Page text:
First of all, the Supreme Court long ago settled the question as to whether the federal Bill of Rights applies to the states. It does. This means that governors who continually attempt to restrict public activity may already be in violation of several Amendments of the Bill of Rights, most glaringly the First Amendment which prohibits restrictions on speech, assembly, or freedom of religion. How about the Fifth Amendment which prohibits taking private property for public use without just compensation? Is not the requirement to close so- called “non-essential” businesses ( as determined by who exactly? ) a taking of a business owner’s property without reimbursing him for his lost revenue and income? Isn’t jailing someone sitting alone on the beach a violation of the Fourth Amendment which asserts “the right of the people to be secure in their persons, houses, papers, and effects, against unreasonable searches and seizures…”? Finally, how about some governors shutting down gun stores? Doesn’t that infringe on Second Amendment rights, especially at a time when cities, counties, and states are releasing prisoners from jail?
Mark Levin points out that state actions to close businesses are most likely violations of the Interstate Commerce clause of the Constitution. Congress, not the states, has jurisdiction over interstate commerce. And, ever since the New Deal of the 1930s, the Supreme Court has adopted an extremely broad interpretation of federal authority over this issue. Most economic activity within a state is going to impact, in some way, economic activity and commerce in another state. Think of it this way. A restaurant in California buys meat from a meatpacker in Iowa or buys meat from a distributor within the state of California who in turn buys it from that same meatpacker in Iowa. Closing that restaurant impacts interstate commerce! As Levin puts it:
“States have the power to regulate commerce within their boundaries, but the Congress under the federal Constitution is the only body that has the power to regulate interstate commerce. Governors, through their dictates and their fiats of what’s essential and not essential, shutting down businesses — that’s the ultimate regulation. If it affects interstate commerce in a very negative way, the president can in fact enforce the Interstate Commerce Clause of the Constitution, where governors do not have the power to control interstate commerce. The state’s police powers do not extend to interfering with interstate commerce. The clause was explicitly put in the federal Constitution to promote commerce nationwide.”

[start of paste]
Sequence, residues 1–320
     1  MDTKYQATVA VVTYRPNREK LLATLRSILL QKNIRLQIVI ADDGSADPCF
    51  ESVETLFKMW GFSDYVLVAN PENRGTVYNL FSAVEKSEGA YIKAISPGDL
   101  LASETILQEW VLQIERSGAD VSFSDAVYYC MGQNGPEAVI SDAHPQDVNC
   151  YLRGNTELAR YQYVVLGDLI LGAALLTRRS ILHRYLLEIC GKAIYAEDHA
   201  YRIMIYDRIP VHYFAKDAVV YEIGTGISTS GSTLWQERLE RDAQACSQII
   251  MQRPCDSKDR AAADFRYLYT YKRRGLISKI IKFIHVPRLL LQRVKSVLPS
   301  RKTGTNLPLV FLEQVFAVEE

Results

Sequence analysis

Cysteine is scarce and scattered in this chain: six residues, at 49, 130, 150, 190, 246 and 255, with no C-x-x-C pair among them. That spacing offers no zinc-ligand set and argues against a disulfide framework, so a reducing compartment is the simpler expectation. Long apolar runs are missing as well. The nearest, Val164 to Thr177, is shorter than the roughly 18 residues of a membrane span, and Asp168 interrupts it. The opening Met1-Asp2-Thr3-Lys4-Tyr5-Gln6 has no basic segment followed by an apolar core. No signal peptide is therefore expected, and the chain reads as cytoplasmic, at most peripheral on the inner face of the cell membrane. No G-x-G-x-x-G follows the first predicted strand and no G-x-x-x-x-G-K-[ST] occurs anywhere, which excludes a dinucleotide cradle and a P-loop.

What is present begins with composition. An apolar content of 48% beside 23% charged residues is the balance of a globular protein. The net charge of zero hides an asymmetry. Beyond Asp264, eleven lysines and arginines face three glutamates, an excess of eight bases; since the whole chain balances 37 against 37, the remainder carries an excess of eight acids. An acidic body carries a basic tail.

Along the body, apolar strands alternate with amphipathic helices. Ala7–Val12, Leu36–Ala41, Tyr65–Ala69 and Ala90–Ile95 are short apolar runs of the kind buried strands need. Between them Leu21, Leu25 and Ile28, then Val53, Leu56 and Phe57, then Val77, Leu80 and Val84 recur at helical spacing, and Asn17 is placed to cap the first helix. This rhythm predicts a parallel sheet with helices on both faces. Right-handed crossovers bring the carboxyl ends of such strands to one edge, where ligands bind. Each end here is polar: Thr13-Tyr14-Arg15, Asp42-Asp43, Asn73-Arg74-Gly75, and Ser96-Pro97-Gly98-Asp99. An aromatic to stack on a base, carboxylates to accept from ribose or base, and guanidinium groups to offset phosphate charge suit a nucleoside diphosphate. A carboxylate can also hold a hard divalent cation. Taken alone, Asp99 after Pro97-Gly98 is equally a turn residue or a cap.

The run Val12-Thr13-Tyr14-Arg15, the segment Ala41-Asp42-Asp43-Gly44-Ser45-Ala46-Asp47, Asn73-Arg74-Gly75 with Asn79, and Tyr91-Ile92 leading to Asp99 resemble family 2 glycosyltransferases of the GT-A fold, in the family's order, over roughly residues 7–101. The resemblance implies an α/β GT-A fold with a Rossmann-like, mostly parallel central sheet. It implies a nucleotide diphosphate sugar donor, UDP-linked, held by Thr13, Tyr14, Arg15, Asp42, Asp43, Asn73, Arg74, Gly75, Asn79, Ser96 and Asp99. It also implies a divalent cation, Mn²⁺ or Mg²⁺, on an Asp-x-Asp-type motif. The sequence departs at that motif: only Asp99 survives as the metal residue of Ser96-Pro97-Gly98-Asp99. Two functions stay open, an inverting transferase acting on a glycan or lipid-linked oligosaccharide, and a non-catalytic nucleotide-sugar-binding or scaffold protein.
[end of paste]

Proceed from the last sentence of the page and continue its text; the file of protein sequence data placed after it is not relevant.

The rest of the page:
One of the main reasons the Articles of Confederation failed in America’s early years related to this very issue of interstate commerce. States were levying tariffs and other trade barriers against each other, making unity impossible. The Founding Fathers then scrapped the Articles as unworkable and ratified the Constitution instead.
Governors like Cuomo, Whitmer, and Newsom are skating on thin ice, both in a practical sense and in a Constitutional sense. They cannot lock down their states indefinitely. Constitutional rights are being violated, civil liberties are being infringed on. They are sworn to uphold those rights and liberties. It is time for them to stop playing politics with people’s lives and livelihoods, stop acting like petty despots, and stop using this crisis as a way to defeat President Trump in the upcoming election. Open America now!
Dr. James Veltmeyer is a prominent La Jolla physician voted “Top Doctor” in San Diego County in 2012, 2014, 2016, 2017, and 2019. Dr. Veltmeyer can be reached at firstname.lastname@example.org